One of Korea's most successful directors is about to release his latest work.
Director Lee Jun-ik of "The King and the Clown" fame is back with "Radio Star," a movie about a medium that helped shape the director's own life.
This new production follows just nine months after "The King and the Clown" broke domestic box office records.
Son Heekyung has more.
Director Lee Jun-ik is at it again.
Less than a year after "The King and the Clown" rocked the box offices the Korean director has created a new full-length film, "Radio Star."
In contrast to his previous production, a story on royal life in the Joseon Dynasty of the 1500s this time around the director has delivered a human comedy set in the 1980s.
"Radio Star" has filmgoers curious to see if the director can pull off another mega-hit, after "The King and the Clown" reeled in more than 12 million movie fans across Korea.
Already expectations over his latest flick are high, given the casting of several big-name actors.
This time around, the director chose to focus on the radio; a medium that he says once gave him much inspiration.
LEE JUN-IK, S. KOREAN DIRECTOR: "Before the entry of television into society, most people including myself learned a lot about life through radio. But these days we depend on visual media. If visual media is regarded as a channel for extending fully constructed images, then the radio can be seen as one that encourages people to use their imagination."
"Radio Star" delves into the relationship between a rock star and his manager who have been close buddies for 20 years.
Set in a small town in Korea's mountainous province of Gangwon, "Radio Star" portrays the exhaustion of city dwellers after failing to satisfy their desires.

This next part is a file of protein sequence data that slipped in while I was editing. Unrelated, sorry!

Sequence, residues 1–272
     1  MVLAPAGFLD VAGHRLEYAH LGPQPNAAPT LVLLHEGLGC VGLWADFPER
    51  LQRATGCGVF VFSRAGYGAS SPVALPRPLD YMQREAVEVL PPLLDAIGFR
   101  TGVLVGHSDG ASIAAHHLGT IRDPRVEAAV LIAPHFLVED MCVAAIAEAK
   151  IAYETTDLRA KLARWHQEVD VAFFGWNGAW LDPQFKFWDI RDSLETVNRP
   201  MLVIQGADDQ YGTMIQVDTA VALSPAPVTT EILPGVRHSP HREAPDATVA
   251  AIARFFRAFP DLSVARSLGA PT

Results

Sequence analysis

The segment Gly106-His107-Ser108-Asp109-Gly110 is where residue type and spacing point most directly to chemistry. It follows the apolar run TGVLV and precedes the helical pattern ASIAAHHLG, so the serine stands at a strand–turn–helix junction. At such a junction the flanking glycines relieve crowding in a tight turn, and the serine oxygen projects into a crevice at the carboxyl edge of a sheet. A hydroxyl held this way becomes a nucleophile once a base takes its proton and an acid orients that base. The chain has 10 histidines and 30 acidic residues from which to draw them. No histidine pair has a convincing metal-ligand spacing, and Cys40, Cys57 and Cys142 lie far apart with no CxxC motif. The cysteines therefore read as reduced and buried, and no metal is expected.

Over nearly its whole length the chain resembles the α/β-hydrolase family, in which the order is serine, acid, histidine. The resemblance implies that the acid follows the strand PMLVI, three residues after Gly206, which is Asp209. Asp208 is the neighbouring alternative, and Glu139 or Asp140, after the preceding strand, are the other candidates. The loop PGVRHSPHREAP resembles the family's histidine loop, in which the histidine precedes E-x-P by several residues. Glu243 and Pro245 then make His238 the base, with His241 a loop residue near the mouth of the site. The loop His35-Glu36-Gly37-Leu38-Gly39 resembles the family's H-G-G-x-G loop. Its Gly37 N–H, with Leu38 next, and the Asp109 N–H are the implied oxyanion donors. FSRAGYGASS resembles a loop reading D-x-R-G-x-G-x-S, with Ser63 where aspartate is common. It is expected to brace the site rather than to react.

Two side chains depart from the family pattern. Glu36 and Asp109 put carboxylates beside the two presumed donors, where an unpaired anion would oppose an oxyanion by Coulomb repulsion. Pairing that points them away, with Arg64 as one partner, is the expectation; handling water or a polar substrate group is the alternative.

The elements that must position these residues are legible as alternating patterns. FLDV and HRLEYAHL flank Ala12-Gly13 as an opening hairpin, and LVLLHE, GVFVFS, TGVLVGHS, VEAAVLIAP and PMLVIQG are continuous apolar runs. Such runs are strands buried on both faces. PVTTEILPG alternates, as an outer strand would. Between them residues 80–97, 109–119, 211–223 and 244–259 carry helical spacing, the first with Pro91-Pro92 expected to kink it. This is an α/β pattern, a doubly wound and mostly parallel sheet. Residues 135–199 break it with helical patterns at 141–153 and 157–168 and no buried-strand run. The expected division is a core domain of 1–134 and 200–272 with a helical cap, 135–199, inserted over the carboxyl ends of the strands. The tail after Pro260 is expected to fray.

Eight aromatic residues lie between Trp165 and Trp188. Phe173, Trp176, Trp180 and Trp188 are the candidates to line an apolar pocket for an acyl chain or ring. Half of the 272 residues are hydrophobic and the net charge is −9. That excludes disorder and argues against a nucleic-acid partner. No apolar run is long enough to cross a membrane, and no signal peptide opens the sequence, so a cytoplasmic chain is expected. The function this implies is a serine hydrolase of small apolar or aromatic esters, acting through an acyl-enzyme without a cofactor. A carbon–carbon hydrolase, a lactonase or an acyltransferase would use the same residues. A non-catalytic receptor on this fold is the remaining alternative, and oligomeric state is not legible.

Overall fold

The film shows that it's not easy staying a rock star in the music industry for long, but that life isn't over when you're no longer in the spotlight.
LEE JUN-IK, S. KOREAN DIRECTOR: "Success does not necessarily mean happiness, and nor does failure mean unhappiness. Through this film, people will realize that there's more to life than winning or losing. What's important is that you live a happy life."
Now generating some added buzz before the film's release is a photo exhibit tied to "Radio Star” in the heart of Seoul.
SON HEEKYUNG, REPORTER: "Visitors in Seoul may have an opportunity to see the beautiful scenery and making of the film through photos. This is the first public display of photos taken during the movie's shooting. Director Lee Jun-ik says he wanted to share the beauty of nature that he saw while making the film."
The director says he tried to show how people can find satisfaction in a peaceful environment closer to nature something that can rarely be done in the city.
Son Heekyung, Arirang News.